Sigmund Freud wrote in 1914 that for the first years in his practice of psychoanalysis and the transmission of its teaching, he was alone. Ever since the first group formed around Freud the transmission of psychoanalysis has been a matter for the group. It has been a difficult history.
In 1964 Lacan launched his ‘Founding Act’ describing himself ‘as alone as I have always been in my relation to the psychoanalytic cause …’ How can practitioners in a field which privileges the singularity of the subject on the one hand, and the subject’s relation to psychoanalysis on the other, act as a collective to transmit the work of that field without succumbing to counter-productive group effects? Can we identify a symptom of the psychoanalytic group given that any such group comprises psychoanalytic workers each with a singular symptom, the outward representation of which may be to nominate himself or herself as a psychoanalyst? What is the part of the psychoanalytic group in this act?
Freud learned that resistance accompanies the work of analysis ‘step by step’ . Psychoanalysts are never off the hook regarding resistance. Repeating ‘I don’t want to know anything about it’ Lacan began his Seminar Encore [1972 – 1973]. Do psychoanalytic groups form around collective resistance to the psychoanalytic field, to what Freud opened up? Can we know this given that such resistance will operate unconsciously and be covered over with the title psychoanalyst, with sophisticated vocabulary, with mechanisms for accreditation and status. With these structures and forms do we in fact distance the work of the group from the disorientation of Freud’s Copernican revolution? Lacan wrote in ‘The direction of the treatment and the principles of its power’: ‘I hope to show how the inability to sustain a praxis in an authentic manner, falls back, as is usually the case in man’s history, on the exercise of power.’ We can be resolute workers, resolutely deadening the Freudian experience.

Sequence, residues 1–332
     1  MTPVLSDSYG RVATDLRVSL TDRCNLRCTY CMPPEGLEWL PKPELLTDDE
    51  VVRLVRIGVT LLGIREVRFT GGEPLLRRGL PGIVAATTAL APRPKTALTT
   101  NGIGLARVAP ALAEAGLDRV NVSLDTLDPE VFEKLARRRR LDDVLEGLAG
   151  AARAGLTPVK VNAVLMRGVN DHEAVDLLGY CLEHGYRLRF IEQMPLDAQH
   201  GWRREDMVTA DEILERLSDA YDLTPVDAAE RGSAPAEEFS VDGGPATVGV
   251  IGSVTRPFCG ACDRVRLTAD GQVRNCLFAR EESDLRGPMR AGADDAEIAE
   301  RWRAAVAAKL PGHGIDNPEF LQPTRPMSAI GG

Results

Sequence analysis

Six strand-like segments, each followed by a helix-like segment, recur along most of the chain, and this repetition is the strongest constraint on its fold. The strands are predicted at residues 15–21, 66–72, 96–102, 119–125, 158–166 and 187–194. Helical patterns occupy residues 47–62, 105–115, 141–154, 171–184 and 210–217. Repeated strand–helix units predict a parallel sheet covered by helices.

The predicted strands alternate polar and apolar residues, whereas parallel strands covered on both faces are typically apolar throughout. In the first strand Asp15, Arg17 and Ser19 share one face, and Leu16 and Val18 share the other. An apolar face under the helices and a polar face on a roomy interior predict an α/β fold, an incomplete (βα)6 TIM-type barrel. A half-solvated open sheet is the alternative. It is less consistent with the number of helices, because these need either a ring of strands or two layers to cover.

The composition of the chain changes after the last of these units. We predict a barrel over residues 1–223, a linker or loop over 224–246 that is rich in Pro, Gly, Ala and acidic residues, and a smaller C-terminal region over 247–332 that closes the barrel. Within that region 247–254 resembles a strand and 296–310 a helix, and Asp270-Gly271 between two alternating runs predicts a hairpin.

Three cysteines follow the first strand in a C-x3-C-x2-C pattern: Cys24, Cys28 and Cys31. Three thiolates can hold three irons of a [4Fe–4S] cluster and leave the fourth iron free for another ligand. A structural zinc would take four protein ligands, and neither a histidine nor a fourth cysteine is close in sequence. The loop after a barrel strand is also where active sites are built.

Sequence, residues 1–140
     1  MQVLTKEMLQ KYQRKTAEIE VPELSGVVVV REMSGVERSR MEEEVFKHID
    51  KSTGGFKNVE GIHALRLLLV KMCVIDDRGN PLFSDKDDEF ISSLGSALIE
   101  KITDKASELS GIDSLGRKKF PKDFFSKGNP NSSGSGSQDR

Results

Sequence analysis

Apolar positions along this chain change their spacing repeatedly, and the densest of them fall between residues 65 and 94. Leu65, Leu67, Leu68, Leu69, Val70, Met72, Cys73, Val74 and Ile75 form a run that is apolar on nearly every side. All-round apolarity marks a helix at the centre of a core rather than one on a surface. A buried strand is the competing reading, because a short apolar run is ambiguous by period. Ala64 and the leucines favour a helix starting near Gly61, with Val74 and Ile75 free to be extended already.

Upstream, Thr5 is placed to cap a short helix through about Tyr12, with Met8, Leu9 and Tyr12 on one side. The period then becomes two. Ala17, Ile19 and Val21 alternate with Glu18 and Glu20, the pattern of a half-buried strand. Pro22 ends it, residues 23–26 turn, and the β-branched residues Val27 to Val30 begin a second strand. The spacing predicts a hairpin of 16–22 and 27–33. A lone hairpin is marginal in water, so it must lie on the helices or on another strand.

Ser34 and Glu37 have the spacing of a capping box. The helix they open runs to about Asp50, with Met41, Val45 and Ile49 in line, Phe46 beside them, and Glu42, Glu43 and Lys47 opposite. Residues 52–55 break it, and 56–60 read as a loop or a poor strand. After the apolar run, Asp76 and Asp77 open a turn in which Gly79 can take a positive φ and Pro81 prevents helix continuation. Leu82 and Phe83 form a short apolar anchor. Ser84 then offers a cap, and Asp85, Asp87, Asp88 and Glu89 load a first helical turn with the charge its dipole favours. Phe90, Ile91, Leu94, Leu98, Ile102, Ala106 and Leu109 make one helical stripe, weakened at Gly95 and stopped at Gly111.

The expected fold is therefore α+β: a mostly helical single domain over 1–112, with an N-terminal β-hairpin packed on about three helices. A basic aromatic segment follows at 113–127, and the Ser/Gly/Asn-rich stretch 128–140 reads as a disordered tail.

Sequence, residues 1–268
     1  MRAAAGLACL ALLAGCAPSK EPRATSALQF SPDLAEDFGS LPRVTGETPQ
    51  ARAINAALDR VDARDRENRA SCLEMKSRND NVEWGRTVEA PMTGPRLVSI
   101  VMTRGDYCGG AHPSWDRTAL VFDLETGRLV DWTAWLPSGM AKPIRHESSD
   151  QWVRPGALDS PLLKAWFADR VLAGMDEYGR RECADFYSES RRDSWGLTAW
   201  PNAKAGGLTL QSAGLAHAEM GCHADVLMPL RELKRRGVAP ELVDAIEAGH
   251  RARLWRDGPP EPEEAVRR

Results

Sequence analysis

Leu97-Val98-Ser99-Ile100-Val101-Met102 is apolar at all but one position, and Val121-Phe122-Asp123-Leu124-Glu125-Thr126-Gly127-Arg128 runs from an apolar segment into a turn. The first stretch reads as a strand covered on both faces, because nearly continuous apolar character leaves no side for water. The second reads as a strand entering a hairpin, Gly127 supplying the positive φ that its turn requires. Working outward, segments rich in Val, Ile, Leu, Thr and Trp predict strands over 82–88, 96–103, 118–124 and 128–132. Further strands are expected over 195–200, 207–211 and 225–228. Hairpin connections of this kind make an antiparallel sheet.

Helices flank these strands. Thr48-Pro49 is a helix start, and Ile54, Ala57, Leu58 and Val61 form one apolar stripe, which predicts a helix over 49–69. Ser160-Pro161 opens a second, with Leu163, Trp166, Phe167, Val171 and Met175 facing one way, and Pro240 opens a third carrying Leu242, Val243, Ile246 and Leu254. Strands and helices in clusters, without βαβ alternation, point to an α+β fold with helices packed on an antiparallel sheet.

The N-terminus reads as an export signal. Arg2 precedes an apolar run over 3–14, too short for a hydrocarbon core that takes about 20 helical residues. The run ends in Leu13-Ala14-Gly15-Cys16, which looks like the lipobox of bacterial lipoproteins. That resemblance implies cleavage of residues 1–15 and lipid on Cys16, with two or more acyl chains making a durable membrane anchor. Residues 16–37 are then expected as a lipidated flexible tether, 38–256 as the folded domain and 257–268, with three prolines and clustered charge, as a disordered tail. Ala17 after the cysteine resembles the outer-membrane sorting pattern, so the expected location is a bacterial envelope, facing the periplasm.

Can there be psychoanalytic effects from the symptom of the practitioner? Can a group support a symptom in so far as it produces these psychoanalytic effects?
The School of Psychotherapy at St. Vincent’s University Hospital and UCD School of Medicine will hold a two-day conference on 30th November – 1st December 2018 in UCD Belfield, Dublin, addressing these questions and crucial problems for psychoanalysis.
The conference is a tribute to the work of Cormac Gallagher which launched and has grown Lacanian psychoanalysis in Ireland through his practice, his teaching, his setting up, with colleagues, the School of Psychotherapy and his internationally valued translations of Lacan’s work.